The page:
Marvel Entertainment to Transform its Approach to Games
Written Friday, May 02, 2014 By Lee BradleyView author's profile
Marvel Entertainment has stated its intention to work with better studios and provide longer development times, in an attempt to improve the quality of its output.
Speaking to Polygon, Marvel Entertainment games boss TQ Jefferson said, "Marvel's overall success in film and TV and other lines of business, means that Marvel is now attracting better partners in the gaming space.”
"We're talking to people now who have strong vision and great teams that can actually execute, and we're not as concerned with hitting a date [that's tied to a movie] and wanting to hold out for quality and have things go out when we're ready.”
Jefferson added that the company wants to produce “smarter, more interconnected experiences” and “more interconnected narratives” within its Marvel Gaming Universe. “We are evolving how we're approaching our games and how we're building out our universe,” he said.
"What we're also doing now is we're being much more selective and measured in how we approach partnerships,” added Jefferson. “I think in the heyday of the movie licensed game, it was just, 'Let's churn out something, let's do the the smash and grab, get the money and get out' and most of those games sucked, to be perfectly blunt."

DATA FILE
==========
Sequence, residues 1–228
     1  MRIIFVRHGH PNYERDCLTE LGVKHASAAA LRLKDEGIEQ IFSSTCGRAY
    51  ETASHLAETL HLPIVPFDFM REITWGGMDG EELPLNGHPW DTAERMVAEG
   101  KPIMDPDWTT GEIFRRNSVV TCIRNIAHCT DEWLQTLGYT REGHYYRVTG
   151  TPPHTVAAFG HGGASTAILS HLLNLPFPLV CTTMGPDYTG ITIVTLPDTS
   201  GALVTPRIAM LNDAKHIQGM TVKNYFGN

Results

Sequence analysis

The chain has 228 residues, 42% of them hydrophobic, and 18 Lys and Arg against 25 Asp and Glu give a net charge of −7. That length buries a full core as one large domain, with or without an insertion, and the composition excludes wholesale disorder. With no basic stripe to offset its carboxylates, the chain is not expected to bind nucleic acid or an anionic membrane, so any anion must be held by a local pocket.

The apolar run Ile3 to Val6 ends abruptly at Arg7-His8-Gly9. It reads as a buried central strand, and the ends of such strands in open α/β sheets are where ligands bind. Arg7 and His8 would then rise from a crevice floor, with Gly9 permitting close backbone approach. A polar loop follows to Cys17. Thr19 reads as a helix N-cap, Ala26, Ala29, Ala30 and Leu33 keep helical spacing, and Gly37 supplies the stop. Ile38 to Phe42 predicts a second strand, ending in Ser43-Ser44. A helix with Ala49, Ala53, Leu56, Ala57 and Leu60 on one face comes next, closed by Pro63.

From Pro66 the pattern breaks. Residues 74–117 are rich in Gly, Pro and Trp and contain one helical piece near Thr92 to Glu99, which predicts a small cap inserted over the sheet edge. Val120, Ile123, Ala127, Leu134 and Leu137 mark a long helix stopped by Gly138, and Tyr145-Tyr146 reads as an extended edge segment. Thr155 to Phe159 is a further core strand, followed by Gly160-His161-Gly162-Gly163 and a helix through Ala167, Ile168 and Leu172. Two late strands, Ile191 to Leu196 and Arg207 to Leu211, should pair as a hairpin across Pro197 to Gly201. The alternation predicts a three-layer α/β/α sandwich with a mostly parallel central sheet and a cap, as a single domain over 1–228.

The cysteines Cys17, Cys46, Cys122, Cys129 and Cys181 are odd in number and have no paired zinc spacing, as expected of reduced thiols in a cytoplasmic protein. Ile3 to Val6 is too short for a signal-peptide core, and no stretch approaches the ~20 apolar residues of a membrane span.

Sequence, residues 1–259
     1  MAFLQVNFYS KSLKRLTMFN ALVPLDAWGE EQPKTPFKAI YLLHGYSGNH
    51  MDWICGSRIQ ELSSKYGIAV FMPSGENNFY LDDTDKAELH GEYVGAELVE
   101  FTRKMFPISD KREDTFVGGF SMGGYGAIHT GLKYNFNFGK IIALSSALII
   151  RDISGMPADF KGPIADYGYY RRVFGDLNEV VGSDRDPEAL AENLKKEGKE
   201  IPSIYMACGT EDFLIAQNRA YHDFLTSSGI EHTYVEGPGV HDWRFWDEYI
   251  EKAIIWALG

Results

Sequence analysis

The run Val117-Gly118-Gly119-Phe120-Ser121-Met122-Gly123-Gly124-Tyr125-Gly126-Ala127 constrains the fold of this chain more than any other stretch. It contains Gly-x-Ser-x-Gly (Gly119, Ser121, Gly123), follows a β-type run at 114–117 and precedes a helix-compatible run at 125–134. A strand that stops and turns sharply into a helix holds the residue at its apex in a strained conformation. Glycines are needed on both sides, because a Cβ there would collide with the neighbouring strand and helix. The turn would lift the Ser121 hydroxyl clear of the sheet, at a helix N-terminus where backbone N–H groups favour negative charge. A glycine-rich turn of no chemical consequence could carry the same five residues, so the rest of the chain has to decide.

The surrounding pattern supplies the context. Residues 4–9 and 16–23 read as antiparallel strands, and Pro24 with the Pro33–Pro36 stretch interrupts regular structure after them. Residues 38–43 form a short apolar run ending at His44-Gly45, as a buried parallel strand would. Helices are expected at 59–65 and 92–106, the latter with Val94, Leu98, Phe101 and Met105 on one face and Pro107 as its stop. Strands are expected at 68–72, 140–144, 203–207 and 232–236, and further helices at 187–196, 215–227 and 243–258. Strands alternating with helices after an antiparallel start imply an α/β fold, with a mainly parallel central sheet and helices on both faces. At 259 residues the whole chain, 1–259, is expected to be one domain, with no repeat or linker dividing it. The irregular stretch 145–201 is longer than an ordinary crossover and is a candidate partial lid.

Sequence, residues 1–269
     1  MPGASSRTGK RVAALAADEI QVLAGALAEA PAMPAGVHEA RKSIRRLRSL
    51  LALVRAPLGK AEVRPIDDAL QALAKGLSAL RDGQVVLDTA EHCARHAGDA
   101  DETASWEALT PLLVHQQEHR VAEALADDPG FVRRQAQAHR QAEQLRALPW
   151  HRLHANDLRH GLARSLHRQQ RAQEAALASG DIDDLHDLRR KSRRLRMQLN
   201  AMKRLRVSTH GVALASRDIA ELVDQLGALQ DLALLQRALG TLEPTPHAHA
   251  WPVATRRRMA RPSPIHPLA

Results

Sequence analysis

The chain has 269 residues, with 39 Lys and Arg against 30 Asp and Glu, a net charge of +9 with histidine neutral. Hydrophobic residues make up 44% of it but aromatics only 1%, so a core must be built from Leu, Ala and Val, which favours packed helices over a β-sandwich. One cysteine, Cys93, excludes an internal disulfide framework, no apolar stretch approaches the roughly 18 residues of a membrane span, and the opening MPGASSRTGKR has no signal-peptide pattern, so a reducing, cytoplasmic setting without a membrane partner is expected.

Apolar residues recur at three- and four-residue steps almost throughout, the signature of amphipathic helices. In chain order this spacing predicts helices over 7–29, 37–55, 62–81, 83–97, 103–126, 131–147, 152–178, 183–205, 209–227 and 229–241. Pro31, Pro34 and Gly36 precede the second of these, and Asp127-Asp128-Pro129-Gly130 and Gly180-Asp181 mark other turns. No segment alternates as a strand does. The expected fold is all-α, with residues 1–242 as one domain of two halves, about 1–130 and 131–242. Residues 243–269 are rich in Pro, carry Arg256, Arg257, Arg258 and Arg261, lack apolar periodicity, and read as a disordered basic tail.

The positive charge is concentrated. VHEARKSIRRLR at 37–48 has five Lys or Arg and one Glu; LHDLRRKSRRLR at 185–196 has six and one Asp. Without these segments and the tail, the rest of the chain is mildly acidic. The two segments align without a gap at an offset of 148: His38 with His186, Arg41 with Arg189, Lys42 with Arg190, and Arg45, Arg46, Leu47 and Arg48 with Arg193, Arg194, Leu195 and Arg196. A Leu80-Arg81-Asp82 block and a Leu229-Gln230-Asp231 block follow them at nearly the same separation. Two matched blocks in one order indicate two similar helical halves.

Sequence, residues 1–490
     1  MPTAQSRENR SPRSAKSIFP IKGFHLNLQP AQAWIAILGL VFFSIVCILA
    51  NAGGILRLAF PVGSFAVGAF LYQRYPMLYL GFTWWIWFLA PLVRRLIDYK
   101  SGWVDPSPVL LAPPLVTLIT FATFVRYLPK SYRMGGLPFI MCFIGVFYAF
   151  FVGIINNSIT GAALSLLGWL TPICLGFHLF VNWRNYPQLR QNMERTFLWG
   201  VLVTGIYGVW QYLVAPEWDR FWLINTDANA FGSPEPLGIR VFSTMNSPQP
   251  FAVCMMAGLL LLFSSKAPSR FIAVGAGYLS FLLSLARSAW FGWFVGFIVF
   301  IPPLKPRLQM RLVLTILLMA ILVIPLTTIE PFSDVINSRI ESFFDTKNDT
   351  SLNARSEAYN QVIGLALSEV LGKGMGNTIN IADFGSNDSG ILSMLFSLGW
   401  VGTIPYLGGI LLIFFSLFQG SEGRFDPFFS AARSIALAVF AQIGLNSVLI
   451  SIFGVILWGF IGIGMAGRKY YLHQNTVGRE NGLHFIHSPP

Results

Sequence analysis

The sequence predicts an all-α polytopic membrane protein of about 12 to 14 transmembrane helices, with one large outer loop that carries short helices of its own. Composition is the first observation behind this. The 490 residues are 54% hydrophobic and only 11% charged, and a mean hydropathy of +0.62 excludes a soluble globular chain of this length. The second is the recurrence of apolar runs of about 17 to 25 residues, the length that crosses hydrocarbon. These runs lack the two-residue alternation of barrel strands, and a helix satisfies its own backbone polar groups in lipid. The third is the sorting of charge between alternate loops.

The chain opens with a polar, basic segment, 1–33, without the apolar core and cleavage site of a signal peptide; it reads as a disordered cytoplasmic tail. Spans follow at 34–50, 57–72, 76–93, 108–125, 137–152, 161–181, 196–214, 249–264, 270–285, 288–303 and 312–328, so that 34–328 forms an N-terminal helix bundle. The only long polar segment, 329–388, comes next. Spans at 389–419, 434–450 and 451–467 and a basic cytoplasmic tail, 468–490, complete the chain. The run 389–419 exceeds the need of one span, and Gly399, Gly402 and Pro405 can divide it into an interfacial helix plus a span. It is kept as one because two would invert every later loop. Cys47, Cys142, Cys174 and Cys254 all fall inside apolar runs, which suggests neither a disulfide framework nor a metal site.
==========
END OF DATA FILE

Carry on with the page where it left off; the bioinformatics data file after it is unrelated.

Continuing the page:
"We have to respond by introducing higher quality product," he said. "We're pushing more quality now than we ever have in the past and if that means fewer games, that means fewer games. As long as we're hitting a high quality bar and holding ourselves to a higher standard.”
If Jefferson’s words hold true, it’s a tantalising prospect. In recent years Marvel took a similar approach with its movie division, upping the quality of its output while delivering “interconnected experiences,” most notably with The Avengers series of films. If the company can repeat the trick in games, or at least some equivalent of it, we could be in for a treat.
The success of the Batman: Arkham series is a clear indication of how, when treated right, games based on comic books can see tremendous success, both commercially and critically. If Marvel can start collaborating on games of that quality, then the next few years could be very exciting.